If you’re a recent transplant to
And they’re everywhere. After you notice one of the first time, you see them every time you look over your shoulder.
Well it turns out that a board or two in these sentries of the skyline go bad about once every twenty years. When one board springs a leak, the entire structure has to be deconstructed and replaced. Meanwhile, even the perfectly good wood that didn’t rot goes to the landfill.
Enter David Gibbs, a student of furniture design at the Pratt Institute in Brooklyn’s Clinton Hill who emailed me and invited me to visit his studio. David struck a deal with a firm of water tower builders to take the surplus wood off their hands in exchange for their not having to cart it to the landfill. What David gets is beautiful, weathered planks of cedar and other valuable hardwoods.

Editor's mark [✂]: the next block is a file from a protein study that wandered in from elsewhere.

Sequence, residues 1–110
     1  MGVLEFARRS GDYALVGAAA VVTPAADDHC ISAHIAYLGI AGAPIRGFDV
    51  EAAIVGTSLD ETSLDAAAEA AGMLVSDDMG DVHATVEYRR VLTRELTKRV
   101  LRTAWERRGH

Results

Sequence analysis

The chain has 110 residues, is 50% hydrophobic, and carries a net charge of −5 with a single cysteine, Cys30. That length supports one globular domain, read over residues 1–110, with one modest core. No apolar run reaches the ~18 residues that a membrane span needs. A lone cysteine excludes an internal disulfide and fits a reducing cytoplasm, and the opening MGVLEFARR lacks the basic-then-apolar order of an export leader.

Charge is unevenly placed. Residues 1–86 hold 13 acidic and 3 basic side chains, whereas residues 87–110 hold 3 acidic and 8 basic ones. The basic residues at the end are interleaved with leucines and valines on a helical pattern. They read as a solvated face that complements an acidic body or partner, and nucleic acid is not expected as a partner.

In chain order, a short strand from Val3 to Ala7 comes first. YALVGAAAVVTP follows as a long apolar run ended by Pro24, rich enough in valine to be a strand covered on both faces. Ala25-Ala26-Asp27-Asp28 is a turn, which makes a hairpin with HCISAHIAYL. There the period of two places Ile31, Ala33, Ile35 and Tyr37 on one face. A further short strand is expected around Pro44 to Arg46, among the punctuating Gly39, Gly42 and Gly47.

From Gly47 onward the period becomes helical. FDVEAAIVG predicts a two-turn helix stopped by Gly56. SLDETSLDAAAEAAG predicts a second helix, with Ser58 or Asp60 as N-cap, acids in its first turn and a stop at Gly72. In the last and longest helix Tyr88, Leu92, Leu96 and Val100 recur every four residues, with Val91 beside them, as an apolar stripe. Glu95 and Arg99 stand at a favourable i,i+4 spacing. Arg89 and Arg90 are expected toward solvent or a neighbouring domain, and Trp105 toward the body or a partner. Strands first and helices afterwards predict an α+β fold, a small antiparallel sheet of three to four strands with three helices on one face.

David then upcycles the planks into beautiful, stylish but heavy furniture—the kind of thing you just wouldn’t want to throw away, the same way David didn’t want to throw away a cedar chest his grandmother once owned. What I love is that not only does David avoid using virgin wood cut from trees and divert potentially tons of material from the landfill, but he hopes to remind us of the old-fashioned stewardship of objects that has been so completely repudiated by our throwaway culture.
Water tower images courtesy of David Gibbs.
This post also appears in my green parenting column for Time Out Kids New York, appearing every Wednesday. For resources on eco-friendly stores and restaurants, or simply to plan a weekend outing, visit them at tonykids.com.